SPORTSWOMEN AND PELVIC FLOOR IMPORTANCE

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The pelvic floor is a structure composed of muscles and connective tissue, underneath the pelvis, and whose function is separate the pelvic cavity and the perineal region. It is present in males and females, although in the latest is larger because it also contains the birth canal. Its main function is supporting organs such as the bladder, intestines and uterus (in women), and in the maintenance of the continence and intra-abdominal pressure.

When there is a dysfunction of the pelvic floor some consequences are: urinary incontinence, pelvic organ prolapse (when an organ slide from its position into the vagina) or sexual dysfunctions.

Physical exercise carries many health benefits, but it is also related with some pelvic floor problems in female athletes, the most common one being urinary incontinence.

Many young women have no knowledge about pelvic floor function, and how sports practice may be related with some of its associated problems. Sports practice increases intra-abdominal pressure, especially in high impact disciplines.

There are two opposing theories relating exercise and pelvic floor dysfunctions:

  • Female athletes have stronger pelvic floor muscles.
  • Female athletes may overload, stretch and weaken their pelvic floor muscles.

If the pelvic floor musculature is weaker than the surrounding muscles, it may not be able to contract simultaneously with them, causing urinary losses, especially in conditions of physical exertion. Nevertheless, pelvic floor muscles training has been related with an improvement in some symptoms, as muscular strengthening allows a better blood supply and nerve activity in the area.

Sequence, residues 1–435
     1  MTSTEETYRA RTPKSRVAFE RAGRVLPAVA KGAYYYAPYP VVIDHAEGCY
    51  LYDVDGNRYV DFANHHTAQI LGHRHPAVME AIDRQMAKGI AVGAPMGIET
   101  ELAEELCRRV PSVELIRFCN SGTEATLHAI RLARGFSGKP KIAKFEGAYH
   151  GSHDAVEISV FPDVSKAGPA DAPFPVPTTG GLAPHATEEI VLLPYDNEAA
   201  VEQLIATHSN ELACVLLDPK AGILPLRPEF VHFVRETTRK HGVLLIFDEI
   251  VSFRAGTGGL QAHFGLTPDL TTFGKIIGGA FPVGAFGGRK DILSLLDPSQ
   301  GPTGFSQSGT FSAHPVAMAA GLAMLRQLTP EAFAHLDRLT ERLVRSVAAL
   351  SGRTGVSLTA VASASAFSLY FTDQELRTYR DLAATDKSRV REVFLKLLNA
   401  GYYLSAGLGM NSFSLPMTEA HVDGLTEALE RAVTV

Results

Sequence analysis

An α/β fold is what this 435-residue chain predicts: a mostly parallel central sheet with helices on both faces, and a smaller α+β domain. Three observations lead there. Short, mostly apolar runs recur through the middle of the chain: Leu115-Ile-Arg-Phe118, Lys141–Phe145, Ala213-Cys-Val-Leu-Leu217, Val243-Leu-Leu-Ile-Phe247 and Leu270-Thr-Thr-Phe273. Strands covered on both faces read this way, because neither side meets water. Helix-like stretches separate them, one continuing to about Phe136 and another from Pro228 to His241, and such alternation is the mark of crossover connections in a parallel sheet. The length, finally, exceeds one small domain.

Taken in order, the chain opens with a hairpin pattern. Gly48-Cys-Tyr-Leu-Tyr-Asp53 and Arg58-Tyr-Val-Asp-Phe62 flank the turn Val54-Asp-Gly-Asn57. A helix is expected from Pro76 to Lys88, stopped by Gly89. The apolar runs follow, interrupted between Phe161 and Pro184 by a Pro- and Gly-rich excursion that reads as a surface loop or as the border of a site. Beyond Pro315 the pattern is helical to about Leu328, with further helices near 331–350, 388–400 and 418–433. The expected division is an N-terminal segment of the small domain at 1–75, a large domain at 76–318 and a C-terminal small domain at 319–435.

The National Institute of Health and Care Excellence of the United States recommends women with incontinence to perform at least 8 pelvic floor contractions, 3 times per day. There are different exercising options, such long squeezes or fast short squeezes, with fully relaxation between them.

Women who carried out pelvic floor training were 17 times more likely to report an improvement of their symptoms or total cure, so it should be the first treatment of choice for any type of urinary incontinence.

With the increase of women practicing sports, educational campaigns should be in place to provide enough information and remove the “shame” and secrecy of these situations. It would encourage them to get treatment and solve the problem.

 

Bibliography:

Pelvic Floor in Female Athletes: From Function to Dysfunction
Carvalhais A, Da Roza T, Sacomori C

Women’s Health and Biomechanics pp 145-153

 

https://en.wikipedia.org/wiki/Pelvic_floor

https://thefoodmedic.co.uk/2018/05/a-workout-for-your-pelvic-floor/

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